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Seven to nine months' school is taught in the various districts. The branches taught are those upon which teachers are required to be examined, and, in addition, civil government and book-keeping. In some townships algebra and natural philosophy are required also.

Our teachers are making faithful efforts to comply with the law in reference to teaching physiology and hygiene. Few of them have been able to teach the subject in a manner that is satisfactory to themselves. In rooms containing but a single grade, there seems to be no difficulty in presenting the subject in an intelligent, interesting and effective manner; but in the rural schools, composed of pupils whose ages range from five to twenty-one years, and whose acquirements are necessarily greatly varied, and in which the daily recitations, before the law went into effect were already more numerous than was desirable, the matter is quite a difficult one.

As I am about to retire from the office that I have held so long, I would offer a few suggestions.

As improvement of teachers must precede the improvement of the schools, I think it would be wise for the State to establish and foster a system of normal schools. I believe that such an institution in each congressional district would be well patronized, and the results would be valuable. These schools should at least be accessible, and so numerous that teachers and others of small means may attend them with the minimum of expense. It is believed that the graded establishment of these institutions would not be burdensome to the people. The beneficient influences that would go out from them cannot be measured.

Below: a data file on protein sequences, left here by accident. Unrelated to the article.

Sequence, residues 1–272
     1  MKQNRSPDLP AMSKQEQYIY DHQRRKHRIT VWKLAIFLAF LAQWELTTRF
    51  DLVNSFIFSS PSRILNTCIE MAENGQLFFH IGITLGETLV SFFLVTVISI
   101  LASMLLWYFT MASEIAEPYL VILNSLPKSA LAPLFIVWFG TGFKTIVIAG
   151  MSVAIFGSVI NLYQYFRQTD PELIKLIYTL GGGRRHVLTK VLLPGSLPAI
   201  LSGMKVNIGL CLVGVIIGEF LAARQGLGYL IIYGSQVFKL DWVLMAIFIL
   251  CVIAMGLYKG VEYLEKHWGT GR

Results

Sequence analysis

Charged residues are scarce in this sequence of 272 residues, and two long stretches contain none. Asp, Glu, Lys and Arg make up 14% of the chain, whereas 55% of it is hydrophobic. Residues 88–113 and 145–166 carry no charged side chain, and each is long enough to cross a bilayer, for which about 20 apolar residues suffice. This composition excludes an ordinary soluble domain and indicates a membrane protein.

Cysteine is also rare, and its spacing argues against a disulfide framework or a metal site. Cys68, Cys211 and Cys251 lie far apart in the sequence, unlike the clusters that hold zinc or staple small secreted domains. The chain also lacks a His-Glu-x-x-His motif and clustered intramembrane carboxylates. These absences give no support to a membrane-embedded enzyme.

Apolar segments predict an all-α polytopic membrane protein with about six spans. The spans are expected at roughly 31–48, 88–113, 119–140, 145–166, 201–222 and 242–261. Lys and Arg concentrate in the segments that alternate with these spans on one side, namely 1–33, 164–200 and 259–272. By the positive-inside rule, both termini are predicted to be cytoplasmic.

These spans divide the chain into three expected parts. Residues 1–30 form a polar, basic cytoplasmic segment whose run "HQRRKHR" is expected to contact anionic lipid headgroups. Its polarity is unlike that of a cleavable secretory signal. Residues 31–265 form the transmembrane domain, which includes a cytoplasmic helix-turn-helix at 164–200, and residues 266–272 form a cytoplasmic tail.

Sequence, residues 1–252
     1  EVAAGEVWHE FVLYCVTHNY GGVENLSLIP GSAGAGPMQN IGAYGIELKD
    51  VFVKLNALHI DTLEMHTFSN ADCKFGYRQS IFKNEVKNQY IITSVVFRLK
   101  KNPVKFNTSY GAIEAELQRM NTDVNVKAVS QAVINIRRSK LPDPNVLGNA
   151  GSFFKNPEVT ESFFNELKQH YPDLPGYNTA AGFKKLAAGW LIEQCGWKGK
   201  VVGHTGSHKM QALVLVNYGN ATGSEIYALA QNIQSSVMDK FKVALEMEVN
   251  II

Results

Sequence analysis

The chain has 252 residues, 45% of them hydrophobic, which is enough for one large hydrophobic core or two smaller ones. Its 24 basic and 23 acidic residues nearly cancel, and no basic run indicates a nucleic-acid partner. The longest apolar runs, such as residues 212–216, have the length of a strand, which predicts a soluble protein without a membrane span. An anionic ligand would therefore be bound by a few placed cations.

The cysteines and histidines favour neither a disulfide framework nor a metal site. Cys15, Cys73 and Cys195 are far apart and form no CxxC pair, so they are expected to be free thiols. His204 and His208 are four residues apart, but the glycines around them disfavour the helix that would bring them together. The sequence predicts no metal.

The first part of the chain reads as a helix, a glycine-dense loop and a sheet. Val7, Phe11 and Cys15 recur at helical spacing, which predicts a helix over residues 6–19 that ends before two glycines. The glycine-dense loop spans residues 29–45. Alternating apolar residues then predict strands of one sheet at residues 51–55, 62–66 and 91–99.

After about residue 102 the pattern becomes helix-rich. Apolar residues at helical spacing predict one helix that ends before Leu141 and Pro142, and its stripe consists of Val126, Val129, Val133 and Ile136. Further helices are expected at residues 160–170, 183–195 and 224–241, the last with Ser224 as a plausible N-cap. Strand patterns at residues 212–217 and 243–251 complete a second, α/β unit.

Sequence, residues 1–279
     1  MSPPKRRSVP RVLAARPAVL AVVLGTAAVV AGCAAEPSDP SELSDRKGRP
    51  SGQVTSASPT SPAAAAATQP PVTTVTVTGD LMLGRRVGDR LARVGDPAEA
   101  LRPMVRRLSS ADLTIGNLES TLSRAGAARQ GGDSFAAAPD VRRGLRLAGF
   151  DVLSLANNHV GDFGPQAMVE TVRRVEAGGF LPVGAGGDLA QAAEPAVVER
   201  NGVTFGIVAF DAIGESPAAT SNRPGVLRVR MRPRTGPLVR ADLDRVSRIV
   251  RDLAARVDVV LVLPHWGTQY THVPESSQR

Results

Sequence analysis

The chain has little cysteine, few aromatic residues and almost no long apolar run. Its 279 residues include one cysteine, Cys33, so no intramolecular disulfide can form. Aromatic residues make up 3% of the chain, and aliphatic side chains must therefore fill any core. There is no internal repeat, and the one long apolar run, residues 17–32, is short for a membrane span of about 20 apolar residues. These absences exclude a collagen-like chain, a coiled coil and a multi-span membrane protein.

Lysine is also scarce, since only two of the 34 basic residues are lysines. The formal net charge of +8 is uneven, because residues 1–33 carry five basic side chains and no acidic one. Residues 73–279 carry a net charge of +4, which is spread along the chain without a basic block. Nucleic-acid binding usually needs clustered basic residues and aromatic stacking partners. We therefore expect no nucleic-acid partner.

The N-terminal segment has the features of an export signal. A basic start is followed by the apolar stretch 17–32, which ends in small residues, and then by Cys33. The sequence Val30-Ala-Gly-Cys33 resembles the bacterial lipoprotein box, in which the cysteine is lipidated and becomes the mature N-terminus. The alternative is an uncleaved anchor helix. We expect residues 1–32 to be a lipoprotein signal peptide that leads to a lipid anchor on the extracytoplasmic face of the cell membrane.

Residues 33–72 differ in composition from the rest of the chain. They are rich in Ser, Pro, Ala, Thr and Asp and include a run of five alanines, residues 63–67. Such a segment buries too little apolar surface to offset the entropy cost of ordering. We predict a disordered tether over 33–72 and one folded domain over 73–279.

A great hindrance to our work is the fact that directors are elected for but one year. Every spring a new and inexperienced board takes charge of affairs. As a result, one board does not fully learn its duties before it is superseded by another, to the great detriment of the schools. Directors should be elected for three years, and in such manner that a majority of the board will always be old members. It seems to me that this is wholly in the interest of the people. Not only will the financial management be better, but boards will feel more disposed to study the school problem, and will be able to carry out plans for improvement of the schools.

I believe it is nearly the unanimous feeling among directors-especially in the rural districts-that they should receive compensation for their services. I share in that feeling. Directors spend several days for the public during the year for which they receive nothing. The public elects officers to do its work. It wants good work. It holds officers responsible, and is willing to pay a reasonable sum for their services. With assurance of moderate compensation, some of the best men in the various districts would serve as directors, while at present many of them decline to serve. In most cases, in the rural districts, "the office seeks the man," and in many instances canvasses a whole neighborhood before finding a man that will accept. As a matter of sentiment, the theory that every man should be willing to serve as school director, and to do it gratuitously, is all very good, but the practical fact is that comparatively few men are so inclined.